Thursday, September 12, 2019

Welcome to the float zone...

Consider a REPL with two tuples, a and b.

>>> type(a), type(b)
(<type 'tuple'>, <type 'tuple'>)
>>> a == b

So far, so good.  But let's dig deeper...

>>> a[0] == b[0]

The tuples are equal, but their contents is not.

>>> a is b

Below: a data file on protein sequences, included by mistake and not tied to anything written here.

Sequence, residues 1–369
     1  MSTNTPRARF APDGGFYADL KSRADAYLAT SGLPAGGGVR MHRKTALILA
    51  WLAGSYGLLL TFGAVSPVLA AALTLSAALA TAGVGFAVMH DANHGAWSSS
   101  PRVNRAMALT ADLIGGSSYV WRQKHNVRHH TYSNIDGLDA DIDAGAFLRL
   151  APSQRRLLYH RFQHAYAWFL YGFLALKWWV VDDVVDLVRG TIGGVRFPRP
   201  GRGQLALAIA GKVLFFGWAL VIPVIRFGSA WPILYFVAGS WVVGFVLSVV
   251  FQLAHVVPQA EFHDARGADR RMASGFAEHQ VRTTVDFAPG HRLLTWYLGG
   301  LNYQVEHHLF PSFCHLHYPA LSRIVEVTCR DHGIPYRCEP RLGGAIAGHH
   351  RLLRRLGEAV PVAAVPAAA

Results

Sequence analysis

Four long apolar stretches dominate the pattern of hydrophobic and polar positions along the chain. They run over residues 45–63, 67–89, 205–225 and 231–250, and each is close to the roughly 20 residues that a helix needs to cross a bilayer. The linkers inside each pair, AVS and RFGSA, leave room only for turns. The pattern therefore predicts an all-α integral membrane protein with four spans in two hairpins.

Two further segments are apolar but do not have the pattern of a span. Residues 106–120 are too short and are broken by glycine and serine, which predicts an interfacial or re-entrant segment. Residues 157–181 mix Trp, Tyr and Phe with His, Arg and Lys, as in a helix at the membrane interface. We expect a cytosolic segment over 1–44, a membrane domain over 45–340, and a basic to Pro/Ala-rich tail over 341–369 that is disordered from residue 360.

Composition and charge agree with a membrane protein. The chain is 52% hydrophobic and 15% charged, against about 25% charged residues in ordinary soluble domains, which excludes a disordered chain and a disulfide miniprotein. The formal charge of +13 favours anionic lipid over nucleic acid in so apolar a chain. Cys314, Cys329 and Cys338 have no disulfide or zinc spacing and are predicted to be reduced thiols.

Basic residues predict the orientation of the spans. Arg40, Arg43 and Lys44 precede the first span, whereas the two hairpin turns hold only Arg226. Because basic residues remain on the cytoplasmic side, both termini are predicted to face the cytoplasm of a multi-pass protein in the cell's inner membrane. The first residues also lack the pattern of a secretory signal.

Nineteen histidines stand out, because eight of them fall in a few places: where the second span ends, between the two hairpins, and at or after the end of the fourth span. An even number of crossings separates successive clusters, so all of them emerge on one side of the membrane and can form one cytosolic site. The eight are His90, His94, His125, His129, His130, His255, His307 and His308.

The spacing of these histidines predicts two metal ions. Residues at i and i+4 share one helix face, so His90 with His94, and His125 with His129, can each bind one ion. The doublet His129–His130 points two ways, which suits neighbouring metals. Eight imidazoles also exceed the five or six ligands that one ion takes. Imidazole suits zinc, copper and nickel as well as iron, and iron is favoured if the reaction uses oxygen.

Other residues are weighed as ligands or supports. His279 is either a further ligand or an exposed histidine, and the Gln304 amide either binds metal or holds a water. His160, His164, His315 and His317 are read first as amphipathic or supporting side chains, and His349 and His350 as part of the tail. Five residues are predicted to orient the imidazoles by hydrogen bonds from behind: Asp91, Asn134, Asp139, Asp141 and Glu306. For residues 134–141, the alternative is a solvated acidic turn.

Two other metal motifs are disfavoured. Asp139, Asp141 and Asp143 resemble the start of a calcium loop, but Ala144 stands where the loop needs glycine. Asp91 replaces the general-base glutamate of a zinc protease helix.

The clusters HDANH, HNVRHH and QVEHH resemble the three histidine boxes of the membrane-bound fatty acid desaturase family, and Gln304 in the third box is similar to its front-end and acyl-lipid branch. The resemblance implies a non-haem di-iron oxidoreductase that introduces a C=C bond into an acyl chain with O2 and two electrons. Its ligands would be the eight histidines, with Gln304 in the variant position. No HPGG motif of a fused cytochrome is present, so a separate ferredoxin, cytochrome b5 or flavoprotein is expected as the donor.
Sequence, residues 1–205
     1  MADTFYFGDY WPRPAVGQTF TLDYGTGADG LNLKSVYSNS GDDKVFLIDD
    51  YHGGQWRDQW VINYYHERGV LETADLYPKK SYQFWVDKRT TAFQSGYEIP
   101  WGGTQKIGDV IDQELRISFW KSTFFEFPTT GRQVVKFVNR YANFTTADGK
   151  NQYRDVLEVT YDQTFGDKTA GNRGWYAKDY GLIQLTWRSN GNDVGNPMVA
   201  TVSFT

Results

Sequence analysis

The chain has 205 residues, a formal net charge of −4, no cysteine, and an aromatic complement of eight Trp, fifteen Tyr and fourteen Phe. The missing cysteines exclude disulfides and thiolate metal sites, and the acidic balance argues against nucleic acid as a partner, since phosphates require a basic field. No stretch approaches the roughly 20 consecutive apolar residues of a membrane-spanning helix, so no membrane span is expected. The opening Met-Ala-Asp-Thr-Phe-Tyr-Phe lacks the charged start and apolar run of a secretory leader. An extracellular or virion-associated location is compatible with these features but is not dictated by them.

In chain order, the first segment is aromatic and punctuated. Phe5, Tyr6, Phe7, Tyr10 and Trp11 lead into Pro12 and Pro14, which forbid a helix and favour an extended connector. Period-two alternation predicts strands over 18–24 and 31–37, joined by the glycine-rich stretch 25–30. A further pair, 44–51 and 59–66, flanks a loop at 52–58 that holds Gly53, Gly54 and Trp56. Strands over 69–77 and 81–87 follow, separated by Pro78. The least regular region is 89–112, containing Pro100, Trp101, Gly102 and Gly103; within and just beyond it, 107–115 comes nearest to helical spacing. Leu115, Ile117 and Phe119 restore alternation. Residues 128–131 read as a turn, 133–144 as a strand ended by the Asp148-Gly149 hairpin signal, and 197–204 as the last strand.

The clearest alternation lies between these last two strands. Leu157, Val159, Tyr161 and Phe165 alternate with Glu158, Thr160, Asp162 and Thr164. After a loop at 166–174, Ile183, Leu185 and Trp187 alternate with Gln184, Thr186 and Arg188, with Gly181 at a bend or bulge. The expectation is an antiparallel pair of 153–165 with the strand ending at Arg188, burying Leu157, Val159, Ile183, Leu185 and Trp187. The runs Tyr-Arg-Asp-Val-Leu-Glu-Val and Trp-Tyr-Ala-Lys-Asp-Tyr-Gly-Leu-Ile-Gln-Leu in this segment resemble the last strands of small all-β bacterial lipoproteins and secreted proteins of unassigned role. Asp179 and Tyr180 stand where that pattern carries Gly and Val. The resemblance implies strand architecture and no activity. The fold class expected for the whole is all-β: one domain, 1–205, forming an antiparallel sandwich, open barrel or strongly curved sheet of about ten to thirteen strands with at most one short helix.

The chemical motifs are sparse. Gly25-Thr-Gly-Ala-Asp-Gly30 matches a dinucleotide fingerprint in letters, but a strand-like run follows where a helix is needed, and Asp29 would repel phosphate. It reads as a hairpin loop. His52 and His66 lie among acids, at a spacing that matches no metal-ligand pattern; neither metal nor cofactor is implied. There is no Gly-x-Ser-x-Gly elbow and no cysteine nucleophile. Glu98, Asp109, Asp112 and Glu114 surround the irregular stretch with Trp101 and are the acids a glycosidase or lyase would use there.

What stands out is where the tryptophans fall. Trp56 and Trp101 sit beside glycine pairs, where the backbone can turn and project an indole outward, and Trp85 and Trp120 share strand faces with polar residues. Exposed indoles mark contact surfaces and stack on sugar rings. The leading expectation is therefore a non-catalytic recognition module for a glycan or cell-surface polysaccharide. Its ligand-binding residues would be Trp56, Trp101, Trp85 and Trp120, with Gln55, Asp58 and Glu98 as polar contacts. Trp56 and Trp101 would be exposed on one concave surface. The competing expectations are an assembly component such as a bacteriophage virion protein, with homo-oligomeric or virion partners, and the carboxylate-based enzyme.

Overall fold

In fact, there was only ever one tuple.
What is this madness?

>>> a

Welcome to the float zone.

Many parts of python assume that a is b implies a == b, but floats break this assumption.  They also break the assumption that hash(a) == hash(b) implies a == b.

>>> hash(float('nan')) == hash(float('nan'))

Dicts handle this pretty elegantly:

>>> n = float('nan')
>>> {n: 1}[n]

>>> a = {float('nan'): 1, float('nan'): 2}
>>> a
{nan: 1, nan: 2}